I wanted to write a post about James Herbert earlier, but is the first chance I’ve had to really sit down and think about it. It’s so sad that he’s gone. He was our very own Stephen King.
Like countless others, I read Herbert’s The Magic Cottage at an inappropriately early age, and scared myself witless. And even to this day I’m hard pressed to think of a horror novel that I enjoyed anywhere near as much. It’s in my top ten favourite novels of all time. And I’ve just realised that I don’t currently have a hard copy in the house. I need to rectify that, because I want it to be sitting there on the bookshelf ready for when my son is older. I want him to sneak it away into his bedroom and scare himself out of a weeks’ worth of sleep with it, just like I did. It teaches you the real magic of books, how they can affect you, what they can do to you. And in a world full of so much television and video game insanity, I want him to learn that a simple bundle of pages can do a finer job than all the processors, projectors and graphics in the world.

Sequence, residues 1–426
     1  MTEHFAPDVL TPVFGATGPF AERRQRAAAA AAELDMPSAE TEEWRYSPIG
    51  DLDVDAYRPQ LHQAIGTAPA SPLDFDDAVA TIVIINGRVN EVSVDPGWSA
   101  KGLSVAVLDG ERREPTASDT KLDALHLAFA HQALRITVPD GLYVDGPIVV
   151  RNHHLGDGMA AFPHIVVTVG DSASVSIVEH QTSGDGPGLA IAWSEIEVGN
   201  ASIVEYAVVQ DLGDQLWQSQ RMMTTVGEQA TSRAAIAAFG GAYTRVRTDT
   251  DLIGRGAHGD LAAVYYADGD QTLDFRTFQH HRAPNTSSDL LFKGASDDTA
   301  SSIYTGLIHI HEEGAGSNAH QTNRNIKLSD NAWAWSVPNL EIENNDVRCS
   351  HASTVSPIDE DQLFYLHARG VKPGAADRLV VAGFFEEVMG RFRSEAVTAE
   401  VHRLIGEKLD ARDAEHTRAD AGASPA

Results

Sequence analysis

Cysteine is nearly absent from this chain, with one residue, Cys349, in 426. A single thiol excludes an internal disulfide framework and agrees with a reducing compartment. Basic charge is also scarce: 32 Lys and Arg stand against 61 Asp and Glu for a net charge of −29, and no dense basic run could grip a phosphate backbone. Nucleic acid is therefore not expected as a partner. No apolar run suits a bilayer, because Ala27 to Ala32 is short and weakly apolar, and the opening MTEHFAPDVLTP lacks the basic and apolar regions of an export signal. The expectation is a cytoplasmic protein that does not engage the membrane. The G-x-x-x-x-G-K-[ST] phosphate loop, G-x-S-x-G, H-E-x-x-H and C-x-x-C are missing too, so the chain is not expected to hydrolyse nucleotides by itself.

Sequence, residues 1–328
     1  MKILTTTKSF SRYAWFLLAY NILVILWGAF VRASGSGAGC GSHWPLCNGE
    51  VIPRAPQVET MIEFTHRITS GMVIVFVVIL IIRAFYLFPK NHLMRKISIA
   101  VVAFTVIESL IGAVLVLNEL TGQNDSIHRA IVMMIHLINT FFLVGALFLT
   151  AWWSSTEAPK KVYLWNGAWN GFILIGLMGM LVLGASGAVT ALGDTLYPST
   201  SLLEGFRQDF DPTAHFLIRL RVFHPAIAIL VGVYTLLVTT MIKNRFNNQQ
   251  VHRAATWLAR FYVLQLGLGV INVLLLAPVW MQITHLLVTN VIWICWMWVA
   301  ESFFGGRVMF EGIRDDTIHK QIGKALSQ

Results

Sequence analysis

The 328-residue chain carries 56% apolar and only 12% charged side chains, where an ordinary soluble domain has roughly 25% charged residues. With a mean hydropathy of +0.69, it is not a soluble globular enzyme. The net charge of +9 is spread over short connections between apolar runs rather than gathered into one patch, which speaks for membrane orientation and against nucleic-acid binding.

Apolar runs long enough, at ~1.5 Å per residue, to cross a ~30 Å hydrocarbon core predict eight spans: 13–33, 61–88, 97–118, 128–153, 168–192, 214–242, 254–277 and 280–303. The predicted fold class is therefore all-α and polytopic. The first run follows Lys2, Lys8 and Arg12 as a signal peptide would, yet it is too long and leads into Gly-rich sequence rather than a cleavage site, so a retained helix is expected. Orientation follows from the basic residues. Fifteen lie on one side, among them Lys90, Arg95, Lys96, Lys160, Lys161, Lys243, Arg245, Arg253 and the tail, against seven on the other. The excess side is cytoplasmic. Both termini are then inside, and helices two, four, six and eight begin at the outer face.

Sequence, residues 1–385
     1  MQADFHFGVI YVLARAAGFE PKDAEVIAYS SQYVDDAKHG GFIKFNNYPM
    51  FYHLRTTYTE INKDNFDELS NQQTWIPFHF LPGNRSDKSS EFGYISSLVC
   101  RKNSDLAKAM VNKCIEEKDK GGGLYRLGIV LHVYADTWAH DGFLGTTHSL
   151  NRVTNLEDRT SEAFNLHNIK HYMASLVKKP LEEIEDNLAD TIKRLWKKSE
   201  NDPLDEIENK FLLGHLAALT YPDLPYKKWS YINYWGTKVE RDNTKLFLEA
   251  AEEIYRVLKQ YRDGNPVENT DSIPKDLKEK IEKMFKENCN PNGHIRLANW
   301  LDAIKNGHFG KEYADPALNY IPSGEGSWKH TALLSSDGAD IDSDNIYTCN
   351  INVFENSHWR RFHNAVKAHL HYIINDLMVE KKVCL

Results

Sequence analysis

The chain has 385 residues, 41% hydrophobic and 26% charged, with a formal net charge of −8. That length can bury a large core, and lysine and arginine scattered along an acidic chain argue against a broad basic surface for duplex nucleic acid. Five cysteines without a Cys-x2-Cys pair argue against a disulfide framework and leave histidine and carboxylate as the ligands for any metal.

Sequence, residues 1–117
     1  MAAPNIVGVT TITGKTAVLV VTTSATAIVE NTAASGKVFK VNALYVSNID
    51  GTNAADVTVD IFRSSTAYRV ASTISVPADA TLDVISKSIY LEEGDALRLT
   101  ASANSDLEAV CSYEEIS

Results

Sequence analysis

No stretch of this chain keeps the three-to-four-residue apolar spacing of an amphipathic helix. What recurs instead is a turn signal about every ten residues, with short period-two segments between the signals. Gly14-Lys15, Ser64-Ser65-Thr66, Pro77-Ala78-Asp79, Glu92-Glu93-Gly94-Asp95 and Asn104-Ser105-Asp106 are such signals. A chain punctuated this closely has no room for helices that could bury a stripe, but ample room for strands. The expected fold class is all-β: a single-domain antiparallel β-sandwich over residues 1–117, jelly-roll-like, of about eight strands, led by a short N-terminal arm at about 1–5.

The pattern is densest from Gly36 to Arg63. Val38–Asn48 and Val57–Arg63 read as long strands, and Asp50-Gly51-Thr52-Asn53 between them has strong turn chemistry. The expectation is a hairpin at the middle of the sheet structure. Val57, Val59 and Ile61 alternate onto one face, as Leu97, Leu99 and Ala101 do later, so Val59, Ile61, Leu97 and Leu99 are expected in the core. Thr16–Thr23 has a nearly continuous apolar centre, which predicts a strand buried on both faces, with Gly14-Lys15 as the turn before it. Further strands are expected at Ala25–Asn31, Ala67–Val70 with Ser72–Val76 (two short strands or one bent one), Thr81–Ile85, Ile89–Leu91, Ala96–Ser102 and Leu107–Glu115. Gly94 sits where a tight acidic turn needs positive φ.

As well as being an incredible entertainer, Herbert is also an inspiration to me when it comes to my own writing. How’s this for leading by example? He wrote his first novel, The Rats, at the age of 28, and it took him ten months to complete. He sent it off to six publishers, and received three replies. He got one acceptance and two rejections.When it was published, the first print run of 100,000 copies sold out within three weeks. There’s a lesson for all of us whining, self-pitying wannabe writers right there – Sit down, Write, and if you’re good enough, you’ll succeed.
His back catalogue is astounding, and I’m indulging myself in an Amazon run right now, to make sure he has a visible place of honour within the house. Because sometimes, Kindle copies just don’t compare to the real thing.